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  1. #1
    Eternal Cat3 Rookie branman1986's Avatar
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    Overtrained, now what?

    Well, I've blown it. I did the hardest two days in a row I've ever done last weekend and this week I've been completely worthless. The sad part is I felt amazing last weekend and was putting out more power than ever before.

    I tried to do some base mileage on Wednesday after two days of complete rest and I couldn't get my HR above 155 and my power was that of a small schoolgirl. Such a strange feeling, halfway up a long hill I got dropped by my buddy and I thought I was putting out max effort. Then I realized that my heartrate was 140 and I was breathing as if I was sitting on the couch watching football. So I took Thursday completely off.

    Today as a test I got on my trainer and did 15 minutes warmup at 120HR, then tried to shoot it up closer to LT to see what I could do. The highest I could get was around 153. So 5 days later I'm still cooked. I feel fine, and my ambient HR is almost normal(a few beats high...strangely, I took my resting HR this morning and I swear it was higher than my ambient while reading a book a few minutes later).

    Should I keep taking days completely off or should I be doing some long zone 1 rides? I'm pushing fluids and protein/carbs and sleeping lots...

    As a case for others, I felt completely fine leading up to this weekend and performed great, but this stuff does built up and eventually caught up with me in a big way. I now know I've got to be more regimented about my rides and no more hellbent riding/training for me. Don't let this happen to you, it's really depressing.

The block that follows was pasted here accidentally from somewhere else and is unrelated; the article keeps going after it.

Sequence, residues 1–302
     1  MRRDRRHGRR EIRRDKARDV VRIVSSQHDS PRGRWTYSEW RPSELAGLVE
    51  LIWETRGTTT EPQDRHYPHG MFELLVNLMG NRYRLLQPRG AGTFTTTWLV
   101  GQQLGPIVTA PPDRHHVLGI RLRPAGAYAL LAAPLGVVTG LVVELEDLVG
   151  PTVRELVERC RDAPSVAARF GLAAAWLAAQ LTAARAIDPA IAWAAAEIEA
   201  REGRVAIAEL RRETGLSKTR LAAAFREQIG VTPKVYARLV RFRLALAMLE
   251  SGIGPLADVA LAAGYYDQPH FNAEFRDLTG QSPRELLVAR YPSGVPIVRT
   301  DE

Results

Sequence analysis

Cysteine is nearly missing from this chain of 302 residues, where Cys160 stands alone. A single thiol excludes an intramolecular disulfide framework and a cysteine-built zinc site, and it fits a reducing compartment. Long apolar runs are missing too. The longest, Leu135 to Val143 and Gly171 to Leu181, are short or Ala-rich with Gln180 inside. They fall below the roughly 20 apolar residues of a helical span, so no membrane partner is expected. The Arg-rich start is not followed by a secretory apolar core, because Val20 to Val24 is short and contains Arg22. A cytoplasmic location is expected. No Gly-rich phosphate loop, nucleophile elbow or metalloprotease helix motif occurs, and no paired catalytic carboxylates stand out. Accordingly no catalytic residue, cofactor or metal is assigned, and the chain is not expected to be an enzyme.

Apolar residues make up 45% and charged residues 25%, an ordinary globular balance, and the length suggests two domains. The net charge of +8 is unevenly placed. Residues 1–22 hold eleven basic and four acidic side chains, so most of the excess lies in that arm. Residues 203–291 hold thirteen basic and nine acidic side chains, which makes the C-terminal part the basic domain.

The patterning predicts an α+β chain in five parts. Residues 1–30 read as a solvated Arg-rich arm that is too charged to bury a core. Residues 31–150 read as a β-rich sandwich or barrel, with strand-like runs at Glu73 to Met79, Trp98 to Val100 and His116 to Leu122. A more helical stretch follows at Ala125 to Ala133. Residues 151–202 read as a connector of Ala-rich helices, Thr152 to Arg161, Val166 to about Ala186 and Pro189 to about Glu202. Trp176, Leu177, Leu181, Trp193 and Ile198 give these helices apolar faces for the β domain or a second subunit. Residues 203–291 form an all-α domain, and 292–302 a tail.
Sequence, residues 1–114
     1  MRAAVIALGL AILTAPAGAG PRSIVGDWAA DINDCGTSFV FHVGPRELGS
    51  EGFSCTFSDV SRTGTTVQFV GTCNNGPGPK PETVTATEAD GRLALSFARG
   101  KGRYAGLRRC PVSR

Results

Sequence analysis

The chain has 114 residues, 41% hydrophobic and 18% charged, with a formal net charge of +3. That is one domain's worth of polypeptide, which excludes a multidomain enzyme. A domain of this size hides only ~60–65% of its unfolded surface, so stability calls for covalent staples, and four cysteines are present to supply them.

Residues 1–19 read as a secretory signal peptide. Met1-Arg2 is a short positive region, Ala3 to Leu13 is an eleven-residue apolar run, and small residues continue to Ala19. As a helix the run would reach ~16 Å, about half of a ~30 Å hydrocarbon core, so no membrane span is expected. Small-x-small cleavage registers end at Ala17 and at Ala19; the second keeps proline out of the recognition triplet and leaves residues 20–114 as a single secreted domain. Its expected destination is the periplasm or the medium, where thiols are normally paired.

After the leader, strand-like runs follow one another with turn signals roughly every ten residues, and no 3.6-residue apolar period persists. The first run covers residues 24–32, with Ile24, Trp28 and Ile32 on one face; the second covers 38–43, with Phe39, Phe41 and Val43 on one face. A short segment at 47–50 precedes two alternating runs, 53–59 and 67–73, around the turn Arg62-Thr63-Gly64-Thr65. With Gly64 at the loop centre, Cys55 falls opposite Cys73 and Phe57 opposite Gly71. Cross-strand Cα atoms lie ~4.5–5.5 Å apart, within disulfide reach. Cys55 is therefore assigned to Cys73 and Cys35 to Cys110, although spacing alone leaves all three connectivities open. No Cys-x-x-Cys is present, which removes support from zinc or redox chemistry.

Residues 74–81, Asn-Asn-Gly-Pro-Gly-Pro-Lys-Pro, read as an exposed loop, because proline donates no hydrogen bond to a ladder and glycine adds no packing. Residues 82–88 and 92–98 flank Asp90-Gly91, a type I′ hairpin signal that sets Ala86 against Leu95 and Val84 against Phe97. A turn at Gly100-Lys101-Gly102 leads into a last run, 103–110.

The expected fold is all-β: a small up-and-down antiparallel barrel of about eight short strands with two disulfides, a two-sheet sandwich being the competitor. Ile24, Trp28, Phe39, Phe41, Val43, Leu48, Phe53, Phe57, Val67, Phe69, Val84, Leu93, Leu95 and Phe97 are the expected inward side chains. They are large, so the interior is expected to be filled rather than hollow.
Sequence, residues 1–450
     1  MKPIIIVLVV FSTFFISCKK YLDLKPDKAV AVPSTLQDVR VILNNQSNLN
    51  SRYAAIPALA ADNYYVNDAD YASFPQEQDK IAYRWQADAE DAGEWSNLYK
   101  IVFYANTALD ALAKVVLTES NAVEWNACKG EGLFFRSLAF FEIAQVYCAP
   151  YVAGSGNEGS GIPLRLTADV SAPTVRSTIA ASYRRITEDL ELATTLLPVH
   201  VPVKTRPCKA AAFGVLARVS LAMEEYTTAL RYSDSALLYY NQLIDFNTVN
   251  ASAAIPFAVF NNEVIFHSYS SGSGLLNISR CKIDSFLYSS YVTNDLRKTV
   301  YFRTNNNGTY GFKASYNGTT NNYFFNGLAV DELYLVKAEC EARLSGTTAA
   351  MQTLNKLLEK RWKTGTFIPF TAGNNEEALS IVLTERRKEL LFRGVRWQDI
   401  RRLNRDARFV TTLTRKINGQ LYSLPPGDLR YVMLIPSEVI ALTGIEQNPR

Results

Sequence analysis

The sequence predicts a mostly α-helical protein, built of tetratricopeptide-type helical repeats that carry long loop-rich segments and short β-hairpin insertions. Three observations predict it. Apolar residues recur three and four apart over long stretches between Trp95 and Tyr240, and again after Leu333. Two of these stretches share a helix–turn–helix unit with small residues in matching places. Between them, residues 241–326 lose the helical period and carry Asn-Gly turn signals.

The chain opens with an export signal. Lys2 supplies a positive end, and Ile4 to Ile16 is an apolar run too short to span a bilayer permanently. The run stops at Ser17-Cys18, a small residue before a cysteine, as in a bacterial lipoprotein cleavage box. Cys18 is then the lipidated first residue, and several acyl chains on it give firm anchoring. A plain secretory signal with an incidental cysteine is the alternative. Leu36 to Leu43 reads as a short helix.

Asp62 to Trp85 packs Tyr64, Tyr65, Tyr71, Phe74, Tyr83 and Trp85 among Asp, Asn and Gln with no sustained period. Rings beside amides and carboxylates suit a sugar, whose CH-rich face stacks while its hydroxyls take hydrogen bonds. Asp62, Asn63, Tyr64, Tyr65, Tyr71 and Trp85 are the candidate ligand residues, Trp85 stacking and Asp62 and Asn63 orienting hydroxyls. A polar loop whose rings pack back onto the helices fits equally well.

2. #2
    semifreddo amartuerer 'nother's Avatar
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    Rest?

    And a dose of reality from my signature, courtesy Floyd Landis:
    If you overtrained, it means that you didn't train hard enough to handle that level of training. So you weren't overtrained; you were actually undertrained to begin with. So there's the rule again: The guy who trains the hardest, the most, wins.

    Also some testosterone might not hurt
    Can you pass the test?
    Yield to Life.

  3. #3
    Senior Member Richard Cranium's Avatar
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    I now know I've got to be more regimented about my rides and no more hellbent riding/training for me.
    That's right, as Carmichael puts it: "You have to be systematic when increasing your training stress."

    My own phrasing about Interval Training goes something like this: "It's not good enough to "overshoot" your target intensity, you have to hit it."

    In any case, I was getting ready to start a thread about "over training" and how it differs from fatigue and "over-reaching." Additionally, I want to discuss the various types of over training and how they require different strategies and time-frames for recovery.

    If you care to post a more detailed description of your training history as well as past experience and current goals then, maybe we can take a look at your situation and determine if in fact you have actually over trained. And specifically ascertain what type of damage you have done to your training progress and what you can do to correct it as soon as possible.

  4. #4
    Eternal Cat3 Rookie branman1986's Avatar
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    I kept a log of miles and percieved intensity on bikejournal.com so that should prove helpful...Is there a way to link to my journal?

    Here's a little background, I started riding in late June when I signed up for BRAG which is the bike ride across georgia. I was basically hooked and started doing regular evening rides all through July. In August I started adding a century every few weeks. By September I started adding weekly training rides and started getting very positive feedback and joined a team. I guess I was a fast-responder. End of September & early October I did 4 races getting 4th, 6th, 4th, 3rd in cat 5 and felt pretty good about my progress. Late October took some time off, November started doing mostly base mile rides with only one intense ride in the middle of the month. I've been doing about 600 miles a month except for October which was about 350.